Farid Matuk               (page 6)
To Claim Great Things for Such a Practice, or, Getting Over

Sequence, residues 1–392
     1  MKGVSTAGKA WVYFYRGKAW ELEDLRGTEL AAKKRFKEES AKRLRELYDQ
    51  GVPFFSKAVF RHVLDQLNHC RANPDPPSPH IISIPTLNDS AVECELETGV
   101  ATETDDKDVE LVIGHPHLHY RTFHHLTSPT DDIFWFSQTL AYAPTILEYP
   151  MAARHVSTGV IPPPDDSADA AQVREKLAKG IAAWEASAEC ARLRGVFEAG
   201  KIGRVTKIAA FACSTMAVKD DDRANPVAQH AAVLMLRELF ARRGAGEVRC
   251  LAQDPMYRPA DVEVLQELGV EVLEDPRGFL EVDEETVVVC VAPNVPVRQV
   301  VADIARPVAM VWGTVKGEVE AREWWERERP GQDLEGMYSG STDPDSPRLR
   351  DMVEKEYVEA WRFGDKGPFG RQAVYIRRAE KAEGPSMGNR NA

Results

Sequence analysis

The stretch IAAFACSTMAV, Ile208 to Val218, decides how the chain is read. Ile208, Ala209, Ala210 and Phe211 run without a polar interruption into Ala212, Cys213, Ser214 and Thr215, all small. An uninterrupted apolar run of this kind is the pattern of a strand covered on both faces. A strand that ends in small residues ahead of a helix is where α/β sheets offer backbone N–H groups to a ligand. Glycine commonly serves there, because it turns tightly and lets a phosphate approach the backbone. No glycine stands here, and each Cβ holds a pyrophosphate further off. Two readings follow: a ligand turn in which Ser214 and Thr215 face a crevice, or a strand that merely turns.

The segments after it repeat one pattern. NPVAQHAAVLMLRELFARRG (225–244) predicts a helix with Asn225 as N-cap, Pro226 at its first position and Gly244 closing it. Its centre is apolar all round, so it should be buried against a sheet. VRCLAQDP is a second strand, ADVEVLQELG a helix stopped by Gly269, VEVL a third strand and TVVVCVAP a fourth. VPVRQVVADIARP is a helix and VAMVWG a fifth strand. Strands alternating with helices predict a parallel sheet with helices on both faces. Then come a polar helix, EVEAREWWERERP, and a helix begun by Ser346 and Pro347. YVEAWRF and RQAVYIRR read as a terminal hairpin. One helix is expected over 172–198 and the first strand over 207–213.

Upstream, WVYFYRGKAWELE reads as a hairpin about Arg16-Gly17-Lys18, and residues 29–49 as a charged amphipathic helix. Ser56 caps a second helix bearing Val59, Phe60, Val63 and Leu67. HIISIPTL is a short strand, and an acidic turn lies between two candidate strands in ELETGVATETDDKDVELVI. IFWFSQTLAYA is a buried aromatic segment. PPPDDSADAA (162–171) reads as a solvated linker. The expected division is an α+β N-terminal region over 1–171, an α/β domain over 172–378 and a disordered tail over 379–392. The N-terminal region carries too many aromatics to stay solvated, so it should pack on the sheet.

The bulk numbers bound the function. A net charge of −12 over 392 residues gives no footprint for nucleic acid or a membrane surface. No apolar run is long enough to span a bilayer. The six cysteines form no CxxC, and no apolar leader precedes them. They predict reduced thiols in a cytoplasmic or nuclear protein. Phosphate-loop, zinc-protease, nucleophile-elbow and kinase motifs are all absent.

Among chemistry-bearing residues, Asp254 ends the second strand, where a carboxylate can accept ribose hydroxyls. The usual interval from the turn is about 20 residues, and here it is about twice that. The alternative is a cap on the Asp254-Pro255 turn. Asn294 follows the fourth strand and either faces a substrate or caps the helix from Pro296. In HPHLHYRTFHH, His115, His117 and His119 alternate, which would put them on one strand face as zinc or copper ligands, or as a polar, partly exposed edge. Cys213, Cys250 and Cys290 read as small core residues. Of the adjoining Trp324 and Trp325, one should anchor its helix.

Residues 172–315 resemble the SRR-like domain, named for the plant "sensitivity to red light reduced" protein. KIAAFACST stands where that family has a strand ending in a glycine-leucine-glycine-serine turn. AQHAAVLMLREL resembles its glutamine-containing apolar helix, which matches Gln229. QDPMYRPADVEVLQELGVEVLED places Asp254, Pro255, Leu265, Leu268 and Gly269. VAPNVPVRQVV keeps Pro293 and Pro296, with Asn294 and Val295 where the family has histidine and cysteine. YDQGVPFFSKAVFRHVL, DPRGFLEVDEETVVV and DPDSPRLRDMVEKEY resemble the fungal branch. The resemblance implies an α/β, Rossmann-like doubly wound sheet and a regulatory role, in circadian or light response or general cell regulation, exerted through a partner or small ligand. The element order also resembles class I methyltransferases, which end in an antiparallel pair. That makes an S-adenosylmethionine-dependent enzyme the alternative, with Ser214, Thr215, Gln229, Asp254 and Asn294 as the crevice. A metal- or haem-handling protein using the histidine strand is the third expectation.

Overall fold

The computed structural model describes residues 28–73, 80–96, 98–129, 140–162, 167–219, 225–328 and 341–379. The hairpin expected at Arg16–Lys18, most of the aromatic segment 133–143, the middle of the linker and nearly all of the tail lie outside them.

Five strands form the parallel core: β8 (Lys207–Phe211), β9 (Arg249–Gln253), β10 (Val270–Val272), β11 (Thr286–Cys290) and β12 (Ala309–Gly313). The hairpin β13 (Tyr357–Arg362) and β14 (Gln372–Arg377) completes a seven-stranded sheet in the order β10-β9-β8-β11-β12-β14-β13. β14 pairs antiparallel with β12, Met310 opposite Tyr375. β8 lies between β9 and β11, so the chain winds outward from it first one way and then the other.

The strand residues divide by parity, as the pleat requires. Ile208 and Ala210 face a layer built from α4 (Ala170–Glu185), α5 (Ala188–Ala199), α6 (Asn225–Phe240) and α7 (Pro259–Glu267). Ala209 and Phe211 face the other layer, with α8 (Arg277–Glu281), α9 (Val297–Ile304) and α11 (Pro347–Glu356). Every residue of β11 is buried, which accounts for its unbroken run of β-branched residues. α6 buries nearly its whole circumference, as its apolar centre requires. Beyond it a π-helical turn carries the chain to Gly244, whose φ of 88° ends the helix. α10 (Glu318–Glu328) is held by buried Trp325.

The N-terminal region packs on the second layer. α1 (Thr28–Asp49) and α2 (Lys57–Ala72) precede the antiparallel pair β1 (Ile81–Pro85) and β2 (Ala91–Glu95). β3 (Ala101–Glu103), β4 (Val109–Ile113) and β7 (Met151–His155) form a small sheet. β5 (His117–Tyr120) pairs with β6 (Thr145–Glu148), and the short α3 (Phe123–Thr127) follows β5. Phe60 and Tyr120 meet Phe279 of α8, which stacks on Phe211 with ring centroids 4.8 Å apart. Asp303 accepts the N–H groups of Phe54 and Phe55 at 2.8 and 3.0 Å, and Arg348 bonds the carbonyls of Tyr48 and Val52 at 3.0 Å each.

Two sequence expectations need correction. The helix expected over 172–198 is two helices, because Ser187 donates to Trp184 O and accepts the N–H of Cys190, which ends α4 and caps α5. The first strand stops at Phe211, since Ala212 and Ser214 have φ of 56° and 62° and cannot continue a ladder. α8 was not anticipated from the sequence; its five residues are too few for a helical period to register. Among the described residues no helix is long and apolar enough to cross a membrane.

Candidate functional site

I attend to that reach and the desire that motivates it. For all the performative complexity I find in Martinez’s phrase, I was first drawn to it because it is the same thing we would say when I was growing up in a bad neighborhood in Anaheim and relatives visited from Peru and we’d crowd them into our tiny car to tour them through Bel Air and Beverly Hills. I can remember pressing my face against the glass and fantasizing about what it would be like to live in those estates. I lived instead in a neighborhood where the police helicopter shone its search light into my bedroom window at night to ferret out the guys hiding in the alley and where drug deals took place in front of our apartment. Yet I could feel identified somehow with the rich who lived in the nice neighborhood, I felt proud that the rich and I at least shared this new country and that together we could show off their gilded gates to relatives who came from far away. So there’s a sense of desire there, something I wanted in the nice neighborhood that doesn’t sound righteous or strong or correct to admit to. I think this is what Fitzgerald’s Nick Carraway meant when he spoke of the “consoling proximity of millionaires.” Righteousness of the kind Levertov espoused is useful, but it’s necessarily antagonistic. I’m more interested in a poetry that’s permissive of our darker, less decorous natures. Not because I want us to wallow like pigs in our own slop, but because acknowledging our mess seems to me a deeper starting point from which to build an ethic.

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